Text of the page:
Letter From Paris
by Joseph Nechvatal

Members of the French-speaking, electronic art community gathered at the Institut d'Študes SupÈrieures des Arts (IESA for short) in Paris during the first week of October for the "Art et Multimedia: Plasticiens et Multimedia" conference. Held in conjunction with the tony art magazine Beaux-Arts, it marked something of a watershed in terms of digital art's legitimization in France. To begin the evening of web-site and CD-ROM demonstrations, Maurice Benayoun, a journalist for Beaux-Arts, presented Benjamin Weil, curator and producer of the New York adaweb site, which features the work of Jenny Holzer and Julia Scher, among others. Weil went online to his site and clicked us through a portion of it. He began with the Holzer project which proved to be embarrassingly infantile. Holzer's by now overly familiar "Truisms" were torturously submitted to the most juvenile combination-permutations imaginable by anonymous interactivators. Things like: IT SHOULD COME AS NO SURPRISE THAT A SHAVED ASS SUCKS MORE WIND.

It is with such blatant banality--doubtless the result of the alleged interactive dimension of the web--that I begin this consideration of the current state of electronic art as represented by the IESA-event. Crucial to it, is my observation that few of the participants seem consciously aware of the sort of definition of virtual art that Deleuze offers us via Proust in "Bergsonism": "Real without being actual, ideal without being abstract." Rather, the model for the creation of virtual art here remains that of the pop-cultural product. Inevitably this approach shapes the viewer/clicker as an inert subject. What I found lacking in the digital art presented at IESA is a philosophical/artistic synthesis that takes into account the interrelation of the different kinds of Being as embodied in the continental philosophical tradition of Husserl, Heidegger, Sartre, Merleau-Ponty and Deleuze/Guattari. The fact that adaweb receives 1000 hits a day, as Weil proclaimed, is irrelevant to our consideration of art. A less consumerist understanding of virtual art insists upon an examination of art's operative nature.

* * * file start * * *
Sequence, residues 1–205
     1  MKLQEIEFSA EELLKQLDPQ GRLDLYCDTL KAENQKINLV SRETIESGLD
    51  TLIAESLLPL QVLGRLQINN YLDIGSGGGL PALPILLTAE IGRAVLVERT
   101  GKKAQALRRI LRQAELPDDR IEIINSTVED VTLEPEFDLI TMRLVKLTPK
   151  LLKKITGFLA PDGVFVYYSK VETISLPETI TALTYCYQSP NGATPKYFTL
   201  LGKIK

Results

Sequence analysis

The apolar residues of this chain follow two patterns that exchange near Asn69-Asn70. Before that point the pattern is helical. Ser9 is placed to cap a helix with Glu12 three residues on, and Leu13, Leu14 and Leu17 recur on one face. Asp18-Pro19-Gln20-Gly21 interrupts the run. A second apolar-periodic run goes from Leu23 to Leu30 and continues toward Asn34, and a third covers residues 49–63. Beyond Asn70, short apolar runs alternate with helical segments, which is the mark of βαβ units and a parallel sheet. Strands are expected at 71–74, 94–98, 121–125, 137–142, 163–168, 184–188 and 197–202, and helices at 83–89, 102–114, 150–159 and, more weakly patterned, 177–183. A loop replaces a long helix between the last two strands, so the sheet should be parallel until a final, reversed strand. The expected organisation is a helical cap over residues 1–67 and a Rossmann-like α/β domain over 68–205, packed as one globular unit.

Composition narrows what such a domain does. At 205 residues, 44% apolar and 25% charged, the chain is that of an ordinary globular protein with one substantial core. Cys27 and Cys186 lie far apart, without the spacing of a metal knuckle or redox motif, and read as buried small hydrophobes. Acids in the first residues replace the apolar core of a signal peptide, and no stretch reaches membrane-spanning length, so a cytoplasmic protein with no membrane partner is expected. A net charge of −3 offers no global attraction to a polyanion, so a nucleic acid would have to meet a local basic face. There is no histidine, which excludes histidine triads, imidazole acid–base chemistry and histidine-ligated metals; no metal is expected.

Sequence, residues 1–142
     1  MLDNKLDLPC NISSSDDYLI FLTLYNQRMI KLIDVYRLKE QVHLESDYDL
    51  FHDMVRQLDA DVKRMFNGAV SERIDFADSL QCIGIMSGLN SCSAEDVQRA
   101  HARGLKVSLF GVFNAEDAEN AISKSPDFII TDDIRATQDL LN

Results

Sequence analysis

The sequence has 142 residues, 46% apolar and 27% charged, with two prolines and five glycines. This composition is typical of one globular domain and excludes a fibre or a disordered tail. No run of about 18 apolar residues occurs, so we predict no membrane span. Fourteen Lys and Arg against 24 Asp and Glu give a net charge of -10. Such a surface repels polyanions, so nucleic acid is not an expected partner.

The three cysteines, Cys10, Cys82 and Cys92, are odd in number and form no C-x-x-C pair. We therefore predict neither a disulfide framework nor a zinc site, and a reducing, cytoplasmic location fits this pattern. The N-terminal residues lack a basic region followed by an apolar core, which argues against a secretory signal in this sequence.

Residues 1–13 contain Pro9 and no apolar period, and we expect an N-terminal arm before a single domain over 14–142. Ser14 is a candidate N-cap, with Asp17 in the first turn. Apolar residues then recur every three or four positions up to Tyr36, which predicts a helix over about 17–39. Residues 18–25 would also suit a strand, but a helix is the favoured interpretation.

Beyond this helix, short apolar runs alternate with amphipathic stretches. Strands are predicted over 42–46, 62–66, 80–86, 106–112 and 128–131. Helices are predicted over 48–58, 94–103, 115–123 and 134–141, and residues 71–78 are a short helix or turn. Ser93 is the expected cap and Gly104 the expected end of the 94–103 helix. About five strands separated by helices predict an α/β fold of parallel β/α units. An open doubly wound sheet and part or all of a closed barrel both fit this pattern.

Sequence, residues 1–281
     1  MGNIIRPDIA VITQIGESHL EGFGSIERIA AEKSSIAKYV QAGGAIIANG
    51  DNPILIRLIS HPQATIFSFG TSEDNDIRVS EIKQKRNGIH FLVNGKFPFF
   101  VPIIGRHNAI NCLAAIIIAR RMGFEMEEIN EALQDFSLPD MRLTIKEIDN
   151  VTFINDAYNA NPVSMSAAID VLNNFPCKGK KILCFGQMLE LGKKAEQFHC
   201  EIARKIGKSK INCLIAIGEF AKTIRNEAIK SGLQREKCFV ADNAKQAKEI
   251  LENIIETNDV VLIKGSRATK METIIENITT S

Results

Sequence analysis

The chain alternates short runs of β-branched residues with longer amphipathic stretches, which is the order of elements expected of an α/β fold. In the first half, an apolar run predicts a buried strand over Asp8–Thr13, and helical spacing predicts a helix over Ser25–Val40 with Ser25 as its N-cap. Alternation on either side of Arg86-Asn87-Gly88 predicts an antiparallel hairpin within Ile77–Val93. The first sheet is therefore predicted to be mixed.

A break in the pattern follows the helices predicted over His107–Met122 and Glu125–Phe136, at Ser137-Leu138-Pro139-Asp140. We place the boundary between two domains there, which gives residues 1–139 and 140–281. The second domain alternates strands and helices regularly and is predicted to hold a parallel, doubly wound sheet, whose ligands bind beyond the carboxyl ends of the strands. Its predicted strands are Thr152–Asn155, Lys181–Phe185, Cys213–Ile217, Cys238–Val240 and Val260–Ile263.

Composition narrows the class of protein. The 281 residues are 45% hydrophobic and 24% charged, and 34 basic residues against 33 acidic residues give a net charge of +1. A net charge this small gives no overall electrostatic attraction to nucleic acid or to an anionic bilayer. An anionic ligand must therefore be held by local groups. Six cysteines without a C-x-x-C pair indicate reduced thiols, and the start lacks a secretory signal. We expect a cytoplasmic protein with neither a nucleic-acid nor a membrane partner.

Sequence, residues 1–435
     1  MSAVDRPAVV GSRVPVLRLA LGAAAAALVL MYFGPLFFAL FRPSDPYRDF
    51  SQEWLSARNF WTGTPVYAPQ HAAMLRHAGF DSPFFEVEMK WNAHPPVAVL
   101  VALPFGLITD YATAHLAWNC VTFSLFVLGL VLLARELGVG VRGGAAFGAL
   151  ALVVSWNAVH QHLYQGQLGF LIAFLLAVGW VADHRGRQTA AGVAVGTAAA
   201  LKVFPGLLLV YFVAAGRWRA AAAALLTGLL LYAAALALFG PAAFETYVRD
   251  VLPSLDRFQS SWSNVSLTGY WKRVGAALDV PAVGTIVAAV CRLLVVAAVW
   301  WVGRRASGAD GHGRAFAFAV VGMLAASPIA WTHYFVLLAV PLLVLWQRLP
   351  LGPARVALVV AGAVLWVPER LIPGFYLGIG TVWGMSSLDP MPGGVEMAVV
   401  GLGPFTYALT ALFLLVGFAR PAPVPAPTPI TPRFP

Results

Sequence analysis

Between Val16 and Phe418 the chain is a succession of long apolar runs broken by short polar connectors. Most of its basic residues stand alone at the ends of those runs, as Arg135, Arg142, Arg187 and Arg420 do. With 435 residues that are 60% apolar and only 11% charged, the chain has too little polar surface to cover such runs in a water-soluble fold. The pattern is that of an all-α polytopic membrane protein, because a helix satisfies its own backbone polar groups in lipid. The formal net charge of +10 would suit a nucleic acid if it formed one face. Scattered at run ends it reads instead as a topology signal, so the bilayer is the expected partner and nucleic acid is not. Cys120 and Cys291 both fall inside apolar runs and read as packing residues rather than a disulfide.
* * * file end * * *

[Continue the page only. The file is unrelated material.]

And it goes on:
Dominique Gonzalez-Foerster, another adaweb artist, presented her CD-ROM, a walk-(click-) through of multiple rooms, each containing colorful representations of art installations (the web version of the piece is called "Residence Color"). One may click on a window or door or artwork and depart one silicon salon for the next in catalogue fashion. This is the basic realm of presence that is close to home for architects. It was my feeling that the question of presence might have been more open ended here, vis a vis the interface. Her work remained linked in my mind to the development of computer games, which are one of the primary examples of an extension into cyberspace of the operative realm of the virtual in a way that is specifically spatial--as an extension of the subject into a virtual space through telepresence.

Computer games also came to mind in connection with Maurice Benayoun's VR piece, Tunnel Virtuel Sous l'Atlantique (presented here via video). Benayoun makes speed manifest, including the various speeds and slownesses that extend the retinal limit in a way that would be previously regarded as outside of (phenomenological) thought. The viewer is taken on a rush down an abstract vortex that I found not at all unpleasant. There were hints, too, of the painful reification found in J.G. Ballard's book Crash in which Vaughan and Ballard drop acid and perform an act of sodomy in Vaughan's Lincoln Continental--"as if only this act could solve the codes of a deviant technology." Benayoun's evocation of speed takes on a larger significance as the temporal area into which perception descends. But here, too, the point of view of the subject resists fragmentation and remained fixed in the logocentric driver's seat of Renaissance-derived three-point-perspective. At its worst, Tunnel reminded me of flying at top speed through the CD-ROM version of Star Wars, or cringing through the battle scenes of Independence Day. At its best, the rush of crack cocaine.